The coefficients for correlation between the overall SATQ and ACQ scores were –0.209 (P=.001) and –0.263 (P<.0001) in the first and second visits, respectively. The coefficients for correlation between the “effectiveness” subscale and the ACQ score were –0.214 (P<.001) and –0.286 (P<.001), respectively. The “effectiveness” domain score did not correlate with PEF measured with the peak flow meter (r=–0.069 and 0.059 in the first and second visits, respectively). Three of the 4 subscales of the SATQ could distinguish between patient classifications according to the GINA criteria. The “effectiveness” subscale provided the greatest discrimination (P<.050). “Ease of use” distinguished between patients with intermittent and moderate or severe persistent asthma (P<.050). The “side effects and worries” subscale distinguished between patients with intermittent asthma and those with severe persistent asthma (P<.050), and the “burden of asthma medication” domain did not discriminate between categories of the GINA classification. The overall score did not differ statistically according to GINA category. For lung function (FEV1/FVC% and PEF), no differences were found between different terciles for scores on any of the subscales or for the overall score.

The “side effects and worries” subscale distinguished between patients with and without exacerbations in the year prior to study entry (mean [SD], 4.35 [1.57] and 4.87 [1.37], respectively; P=.009), although it did not discriminate between those with severe and nonsevere exacerbations (P=.214). Finally, no differences were found on any of the subscales according to whether patients had been TABLE 4 Spearman Coefficients for Correlation Between Each Dimension and the Criterion Questions and Overall Perception Question Put to the Physician and the Patient First Visit Satistaction with Asthma Treatment Question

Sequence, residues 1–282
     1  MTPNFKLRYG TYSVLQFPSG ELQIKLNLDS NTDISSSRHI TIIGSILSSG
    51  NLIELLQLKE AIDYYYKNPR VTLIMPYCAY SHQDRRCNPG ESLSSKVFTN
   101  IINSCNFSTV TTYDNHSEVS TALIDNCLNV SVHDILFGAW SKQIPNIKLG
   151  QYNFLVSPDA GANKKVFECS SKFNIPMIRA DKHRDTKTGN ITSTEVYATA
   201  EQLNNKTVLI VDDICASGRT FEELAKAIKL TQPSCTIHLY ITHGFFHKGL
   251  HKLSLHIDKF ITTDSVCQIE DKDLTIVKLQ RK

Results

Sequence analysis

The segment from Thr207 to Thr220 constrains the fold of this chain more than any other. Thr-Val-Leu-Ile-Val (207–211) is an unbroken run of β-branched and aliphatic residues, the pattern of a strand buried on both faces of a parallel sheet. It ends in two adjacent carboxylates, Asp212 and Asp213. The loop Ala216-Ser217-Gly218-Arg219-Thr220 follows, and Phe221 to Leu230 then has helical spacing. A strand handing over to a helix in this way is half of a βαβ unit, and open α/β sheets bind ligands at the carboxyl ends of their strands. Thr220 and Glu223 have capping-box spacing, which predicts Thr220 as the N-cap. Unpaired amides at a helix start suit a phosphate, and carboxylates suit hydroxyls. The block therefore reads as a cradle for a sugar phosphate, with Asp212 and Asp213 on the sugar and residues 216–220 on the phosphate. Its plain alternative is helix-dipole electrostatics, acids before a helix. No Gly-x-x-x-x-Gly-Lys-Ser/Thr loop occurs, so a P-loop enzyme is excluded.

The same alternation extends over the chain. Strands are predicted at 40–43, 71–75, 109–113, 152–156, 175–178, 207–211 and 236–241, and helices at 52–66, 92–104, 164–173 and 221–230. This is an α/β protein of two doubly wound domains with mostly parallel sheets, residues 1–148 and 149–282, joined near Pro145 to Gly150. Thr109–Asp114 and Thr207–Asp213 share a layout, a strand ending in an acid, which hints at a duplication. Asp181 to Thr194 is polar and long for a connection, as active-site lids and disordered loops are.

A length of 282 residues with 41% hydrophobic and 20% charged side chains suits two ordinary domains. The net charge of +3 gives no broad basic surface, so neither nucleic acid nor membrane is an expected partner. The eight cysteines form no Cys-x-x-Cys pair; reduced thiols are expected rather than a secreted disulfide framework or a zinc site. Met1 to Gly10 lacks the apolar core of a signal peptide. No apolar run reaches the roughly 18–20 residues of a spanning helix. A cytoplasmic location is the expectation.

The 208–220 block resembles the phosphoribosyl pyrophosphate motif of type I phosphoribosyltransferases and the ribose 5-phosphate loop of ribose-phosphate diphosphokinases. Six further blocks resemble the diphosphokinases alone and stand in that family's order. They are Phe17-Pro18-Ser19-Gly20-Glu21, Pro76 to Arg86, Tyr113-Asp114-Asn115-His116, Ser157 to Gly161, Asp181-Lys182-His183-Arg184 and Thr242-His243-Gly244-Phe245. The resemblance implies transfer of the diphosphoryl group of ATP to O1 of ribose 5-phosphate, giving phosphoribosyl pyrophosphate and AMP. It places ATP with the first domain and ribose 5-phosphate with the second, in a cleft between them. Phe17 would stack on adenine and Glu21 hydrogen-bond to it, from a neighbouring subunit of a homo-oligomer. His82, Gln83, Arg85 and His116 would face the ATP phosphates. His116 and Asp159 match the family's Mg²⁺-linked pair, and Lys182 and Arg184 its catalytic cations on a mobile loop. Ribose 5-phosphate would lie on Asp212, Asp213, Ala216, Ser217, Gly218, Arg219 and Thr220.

Dimensions Effectiveness Ease of use Burden of asthma medication Side effects and worries Overall score

Overall Satisfaction

Criterion Question

Physician

Patient

0.600* 0.434*

0.353* 0.300*

0.598* 0.481*

0.165† 0.246* 0.295*

0.098 0.126 0.507*

0.203* 0.220*

*

P<.01. †P<.05.

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TABLE 5 Mean (SD) Scores in the First and Second Visits for Patients in a Stable Clinical Condition: Intraclass Correlation Coefficients* Visit SATQ

Dimensions Effectiveness Ease of use Burden of use Side effects Overall score

First†

Second†

5.6 (1.1) 6.0 (0.9) 5.1 (1.2) 4.6 (1.5) 5.4 (0.8)

5.7 (1.0) 6.0 (0.9) 5.0 (1.2) 4.7 (1.4) 5.4 (0.8)

P

ICC (95% CI)

.009 .108 .408 .117 .057

0.916 (0.891-0.935) 0.899 (0.868-0.922) 0.860 (0.819-0.892) 0.841 (0.794-0.878) 0.912 (0.886-0.932)

*

ICC indicates intraclass correlation coefficient; CI, confidence interval; SATQ, Satisfaction with Asthma Treatment Questionnaire. †Data presented as mean (SD).